- The situation with COVID-19 has caused discussions on the introduction of new forms of voting, in particular through the Internet. Such discussions has erupted with the growing role of digital technology and telecommunications during a pandemic in the background. However, despite the idea of online voting seems very attractive, such a decision requires a detailed considering of the pros and cons as the introduction of online voting entails a number of serious risks. In particular, it is a matter of cybersecurity and data protection, preventing vote buying and the use of other unfair technologies to influence the election results, building public confidence in the new mechanisms and results of the election in general. Considering the above factors, a number of countries (including Lithuania, Finland, Norway, France) in recent years have abandoned the idea of introducing online voting.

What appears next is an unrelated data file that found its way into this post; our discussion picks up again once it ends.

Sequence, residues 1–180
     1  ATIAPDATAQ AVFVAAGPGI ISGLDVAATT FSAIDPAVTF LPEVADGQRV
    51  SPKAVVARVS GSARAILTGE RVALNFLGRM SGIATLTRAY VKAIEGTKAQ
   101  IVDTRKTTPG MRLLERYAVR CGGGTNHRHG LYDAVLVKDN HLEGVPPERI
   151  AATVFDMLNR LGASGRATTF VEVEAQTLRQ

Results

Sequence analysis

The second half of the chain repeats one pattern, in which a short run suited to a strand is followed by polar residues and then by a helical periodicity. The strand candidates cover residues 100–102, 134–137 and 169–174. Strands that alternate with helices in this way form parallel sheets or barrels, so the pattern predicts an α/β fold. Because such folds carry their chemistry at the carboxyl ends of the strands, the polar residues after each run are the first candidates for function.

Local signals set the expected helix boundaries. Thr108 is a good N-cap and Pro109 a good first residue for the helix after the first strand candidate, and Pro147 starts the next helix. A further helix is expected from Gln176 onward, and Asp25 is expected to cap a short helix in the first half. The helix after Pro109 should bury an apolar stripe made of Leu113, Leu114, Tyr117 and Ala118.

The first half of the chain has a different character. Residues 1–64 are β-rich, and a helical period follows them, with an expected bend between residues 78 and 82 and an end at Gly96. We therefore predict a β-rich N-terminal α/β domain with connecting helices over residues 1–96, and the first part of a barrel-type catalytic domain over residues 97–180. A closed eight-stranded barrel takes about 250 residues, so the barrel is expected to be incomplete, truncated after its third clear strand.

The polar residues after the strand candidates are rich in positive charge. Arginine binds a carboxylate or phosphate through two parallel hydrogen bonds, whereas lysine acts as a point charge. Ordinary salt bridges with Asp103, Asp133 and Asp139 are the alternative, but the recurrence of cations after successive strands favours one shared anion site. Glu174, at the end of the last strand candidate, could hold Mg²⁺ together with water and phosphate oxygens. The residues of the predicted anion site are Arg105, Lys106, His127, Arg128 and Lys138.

- An alternative to traditional voting at polling station and controversial online voting is voting via mail. Due to the COVID-19 pandemic, a number of countries have publicly discussed the option to introduce voting via mail. In the Russian Federation and Poland, the relevant innovations have got the status of legislative changes and have become a part of the election legislation. Voting via mail, as well as online voting, can help people to avoid the traditional risks associated with the spread of COVID-19, but it must be properly organized and meet international election standards. Both online voting and voting via mail are vulnerable to various manipulations and to pressure on voters; the ability to organize the process properly depends directly on the quality of the national postal services.